There is one voluntary controlled primary school in the village: Heckington St Andrew's Church of England School. In 2012, it had 201 pupils on roll and was graded "good" by Ofsted. A National School opened in Heckington in the 1830s and was located on Cameron Street from 1873. In 1951, it became a Church of England controlled school, new buildings were opened on Howell Road in 1962 and the school has used its current name since 1999.
Heckington falls within the catchment area of the three secondary schools in Sleaford, each of which has a Sixth Form and has been rated "good" by Ofsted: Carre's Grammar School (male grammar school), Kesteven and Sleaford High School Selective Academy (female grammar school) and St George's Academy (mixed non-selective secondary school). The grammar schools are based in Sleaford, but St George's operates across two sites (one at Sleaford, the other at Ruskington) where pupils are educated separately; the Sixth Form, however, is based solely at Sleaford. The grammar schools require students to sit the Eleven plus exam, but St George's is not selective.
The Heckington Show has been held annually in the village over the last weekend in July since 1864.
The village's 1859-built Heckington railway station is a railway museum. Village amenities include a swimming pool, a Co-op store, a butchers and a greengrocers. A tearoom on High Street is situated beneath Heckington Squash Club. The village public houses and bars are the Nag's Head Inn on High Street, Heckington Squash & Leisure Bar, and Heckington Pavilion.
Heckington has a local football club and juniors football club. The Heckington 15s play in the Lincolnshire Co-op Mid Lincs League (C).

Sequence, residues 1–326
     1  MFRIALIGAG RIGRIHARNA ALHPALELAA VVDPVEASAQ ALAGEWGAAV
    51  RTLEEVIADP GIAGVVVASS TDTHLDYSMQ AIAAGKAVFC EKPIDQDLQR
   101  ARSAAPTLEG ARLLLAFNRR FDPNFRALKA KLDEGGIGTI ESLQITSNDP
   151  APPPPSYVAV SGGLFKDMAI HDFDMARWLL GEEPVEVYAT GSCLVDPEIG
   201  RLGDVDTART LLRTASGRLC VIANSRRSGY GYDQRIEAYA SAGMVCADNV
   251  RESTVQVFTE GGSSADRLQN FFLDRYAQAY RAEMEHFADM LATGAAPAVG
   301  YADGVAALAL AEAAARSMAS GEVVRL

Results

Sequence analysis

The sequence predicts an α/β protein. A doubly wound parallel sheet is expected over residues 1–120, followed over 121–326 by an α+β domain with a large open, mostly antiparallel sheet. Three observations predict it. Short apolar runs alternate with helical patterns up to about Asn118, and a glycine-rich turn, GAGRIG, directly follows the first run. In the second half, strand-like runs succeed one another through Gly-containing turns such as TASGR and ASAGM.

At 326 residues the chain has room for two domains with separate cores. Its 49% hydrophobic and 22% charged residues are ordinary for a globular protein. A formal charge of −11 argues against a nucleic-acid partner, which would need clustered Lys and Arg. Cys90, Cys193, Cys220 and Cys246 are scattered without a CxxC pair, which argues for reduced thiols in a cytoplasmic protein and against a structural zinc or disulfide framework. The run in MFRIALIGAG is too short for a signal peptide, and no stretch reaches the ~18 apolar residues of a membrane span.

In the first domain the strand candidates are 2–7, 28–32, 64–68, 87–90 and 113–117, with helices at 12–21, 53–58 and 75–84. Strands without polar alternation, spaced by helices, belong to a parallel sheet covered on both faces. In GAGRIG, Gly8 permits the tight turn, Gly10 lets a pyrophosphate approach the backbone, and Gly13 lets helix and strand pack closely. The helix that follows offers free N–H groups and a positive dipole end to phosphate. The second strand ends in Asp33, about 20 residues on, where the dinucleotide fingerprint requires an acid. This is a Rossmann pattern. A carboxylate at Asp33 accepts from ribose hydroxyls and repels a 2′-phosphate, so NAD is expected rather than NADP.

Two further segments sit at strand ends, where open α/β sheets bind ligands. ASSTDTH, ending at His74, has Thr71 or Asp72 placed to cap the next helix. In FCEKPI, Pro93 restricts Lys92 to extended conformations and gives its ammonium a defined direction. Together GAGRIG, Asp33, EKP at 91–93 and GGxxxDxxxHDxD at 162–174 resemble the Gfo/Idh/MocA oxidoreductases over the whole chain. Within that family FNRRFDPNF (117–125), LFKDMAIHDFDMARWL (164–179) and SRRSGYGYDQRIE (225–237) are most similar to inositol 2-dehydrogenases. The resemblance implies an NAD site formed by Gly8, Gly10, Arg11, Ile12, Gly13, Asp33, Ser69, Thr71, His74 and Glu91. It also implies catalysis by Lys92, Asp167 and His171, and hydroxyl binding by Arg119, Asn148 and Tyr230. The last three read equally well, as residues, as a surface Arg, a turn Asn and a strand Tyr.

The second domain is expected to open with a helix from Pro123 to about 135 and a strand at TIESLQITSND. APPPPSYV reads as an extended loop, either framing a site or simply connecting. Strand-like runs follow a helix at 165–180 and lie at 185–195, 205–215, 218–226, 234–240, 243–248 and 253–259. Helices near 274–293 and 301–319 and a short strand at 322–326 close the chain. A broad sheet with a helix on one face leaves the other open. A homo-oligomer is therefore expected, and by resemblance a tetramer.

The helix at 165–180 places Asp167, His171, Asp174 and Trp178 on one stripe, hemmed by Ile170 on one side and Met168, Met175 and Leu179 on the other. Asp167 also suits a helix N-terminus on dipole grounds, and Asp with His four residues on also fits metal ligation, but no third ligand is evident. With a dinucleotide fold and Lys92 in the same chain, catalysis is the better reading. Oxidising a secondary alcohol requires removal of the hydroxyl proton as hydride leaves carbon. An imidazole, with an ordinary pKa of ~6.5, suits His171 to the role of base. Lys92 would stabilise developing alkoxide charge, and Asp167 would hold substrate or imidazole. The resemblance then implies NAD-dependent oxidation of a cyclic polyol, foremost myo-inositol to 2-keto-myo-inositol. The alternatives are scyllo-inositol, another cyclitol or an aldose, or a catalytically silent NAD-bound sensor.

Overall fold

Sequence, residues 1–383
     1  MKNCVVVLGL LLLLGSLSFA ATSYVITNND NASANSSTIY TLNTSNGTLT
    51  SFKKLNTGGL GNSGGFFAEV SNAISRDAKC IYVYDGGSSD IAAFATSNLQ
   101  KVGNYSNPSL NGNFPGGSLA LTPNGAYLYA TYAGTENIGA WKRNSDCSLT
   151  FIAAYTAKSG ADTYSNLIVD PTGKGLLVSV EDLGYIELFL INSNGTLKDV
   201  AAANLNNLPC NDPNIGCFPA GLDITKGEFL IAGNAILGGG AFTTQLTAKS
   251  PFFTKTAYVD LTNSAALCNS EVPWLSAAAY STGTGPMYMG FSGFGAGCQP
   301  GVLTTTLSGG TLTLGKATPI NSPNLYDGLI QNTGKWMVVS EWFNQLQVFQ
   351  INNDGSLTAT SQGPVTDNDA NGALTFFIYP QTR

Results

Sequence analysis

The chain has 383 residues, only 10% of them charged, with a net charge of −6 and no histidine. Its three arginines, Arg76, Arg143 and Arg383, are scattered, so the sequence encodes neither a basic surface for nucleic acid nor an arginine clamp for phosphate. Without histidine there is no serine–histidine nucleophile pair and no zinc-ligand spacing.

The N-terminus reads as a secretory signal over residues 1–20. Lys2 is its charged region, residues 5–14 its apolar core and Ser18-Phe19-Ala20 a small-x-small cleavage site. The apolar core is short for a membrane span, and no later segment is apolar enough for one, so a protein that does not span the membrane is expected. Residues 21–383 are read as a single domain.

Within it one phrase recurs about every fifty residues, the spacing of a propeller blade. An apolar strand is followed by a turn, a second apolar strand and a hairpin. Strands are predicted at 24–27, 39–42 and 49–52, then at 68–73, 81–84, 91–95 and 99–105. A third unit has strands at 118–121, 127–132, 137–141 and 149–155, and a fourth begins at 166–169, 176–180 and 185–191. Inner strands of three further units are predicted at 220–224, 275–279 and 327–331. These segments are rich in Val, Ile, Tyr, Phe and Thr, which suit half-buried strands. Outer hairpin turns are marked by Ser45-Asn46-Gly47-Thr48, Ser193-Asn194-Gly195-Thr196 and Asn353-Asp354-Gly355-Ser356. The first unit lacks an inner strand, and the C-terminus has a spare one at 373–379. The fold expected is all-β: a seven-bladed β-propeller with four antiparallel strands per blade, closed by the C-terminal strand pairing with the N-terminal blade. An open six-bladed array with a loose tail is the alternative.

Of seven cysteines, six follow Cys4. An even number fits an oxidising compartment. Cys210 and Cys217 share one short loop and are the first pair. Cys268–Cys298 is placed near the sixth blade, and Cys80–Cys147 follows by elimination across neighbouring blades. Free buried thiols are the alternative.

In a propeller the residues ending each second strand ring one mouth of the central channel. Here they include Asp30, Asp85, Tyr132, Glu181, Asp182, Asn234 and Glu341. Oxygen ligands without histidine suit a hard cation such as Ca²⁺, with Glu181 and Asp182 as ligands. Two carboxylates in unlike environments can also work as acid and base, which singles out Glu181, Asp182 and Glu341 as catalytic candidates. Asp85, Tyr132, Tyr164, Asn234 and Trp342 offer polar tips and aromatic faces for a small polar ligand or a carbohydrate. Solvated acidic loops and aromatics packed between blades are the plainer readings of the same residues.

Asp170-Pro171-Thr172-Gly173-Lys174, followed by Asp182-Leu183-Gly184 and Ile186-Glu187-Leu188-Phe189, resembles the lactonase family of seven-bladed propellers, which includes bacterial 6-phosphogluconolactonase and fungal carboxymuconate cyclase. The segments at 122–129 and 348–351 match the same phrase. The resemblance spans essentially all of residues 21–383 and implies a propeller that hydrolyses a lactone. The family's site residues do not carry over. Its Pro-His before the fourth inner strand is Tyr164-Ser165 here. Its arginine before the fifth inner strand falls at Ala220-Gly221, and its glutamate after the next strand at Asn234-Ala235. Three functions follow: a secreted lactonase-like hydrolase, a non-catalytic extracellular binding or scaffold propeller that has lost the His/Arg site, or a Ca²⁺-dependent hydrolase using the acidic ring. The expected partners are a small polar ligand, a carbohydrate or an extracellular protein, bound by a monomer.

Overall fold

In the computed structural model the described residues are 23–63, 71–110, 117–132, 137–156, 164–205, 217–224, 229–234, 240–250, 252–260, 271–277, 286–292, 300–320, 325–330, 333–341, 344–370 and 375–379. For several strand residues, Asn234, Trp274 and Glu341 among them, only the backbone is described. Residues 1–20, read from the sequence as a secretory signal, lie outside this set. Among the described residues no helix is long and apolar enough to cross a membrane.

The village has a community website.
- Tom Edwards, television and radio presenter; one of the original DJ's on board Radio Caroline.
- Robert Sanderson, Bishop of Lincoln from 1660–3, the village's vicar from 1618–9
- Abi Titmuss
- Joseph Toynbee, the otologist and ear surgeon was born in the village on 30 December 1830.
- "Civil Parish population 2011". Neighbourhood Statistics. Office for National Statistics. Retrieved 23 April 2016.
- Historic England. "Church of St Andrew, Church Street (1360590)". National Heritage List for England. Retrieved 23 July 2011.
- Kelly's Directory of Lincolnshire with the port of Hull 1885, p. 472
- Cox, J. Charles (1916) Lincolnshire pp. 163, 164; Methuen & Co. Ltd
- "Divine Designs", wagtv.com. Retrieved 23 July 2011
- "Heckington Windmill" Retrieved 21 March 2008.
- Harrier crash, United Kingdomserials.com. Retrieved 23 July 2011
- "Black Sluice IDB".
- School Report: Heckington St Andrew's Church of England School, 2012 (Ofsted). Retrieved 20 March 2015.
- "Heckington St Andrew's CE Primary School (Reference Name SR/430)", Lincs to the Past (Lincolnshire Archives). Retrieved 20 March 2015.
- Carre's Grammar School: Inspection Report 2013 (Ofsted). Retrieved 4 February 2015.
- School Report: Kesteven and Sleaford High School Selective Academy 4 June 2013 (Ofsted). Retrieved 4 February 2015.
- St George's Academy: Inspection Report May 2012 (Ofsted). Retrieved 4 February 2015.
- "Carre's Grammar School Admission Policy" Prospectus 2014-15 (Carre's Grammar School).
- "Admissions Policy - 2014-15" Kesteven and Sleaford High School Selective Academy. Retrieved 7 January 2015.
- "Admissions Policy 2015" St George's Academy. Retrieved 7 January 2015. Archived at the Internet Archive on 10 January 2015.
- Heckington Station Railway Museum Archived 23 October 2008 at the Wayback Machine, homepage.ntlworld.com. Retrieved 23 July 2011
- Heckington Swimming Pool, Retrieved 23 July 2011
- Heritage Lincolnshire Archived 14 October 2008 at the Wayback Machine, Retrieved 23 July 2011
- "Heckington Fen, North Kesteven, Ecotricity. Retrieved 23 July 2011
- "Heckington Community Website"
- "Official Website for Tom Edwards"
- "One-off BBC Casualty role for former High School girl Abi", Sleaford Standard, 23 February 2012. Retrieved 28 June 2013
- Dictionary of National Biography. London: Smith, Elder & Co. 1885–1900. .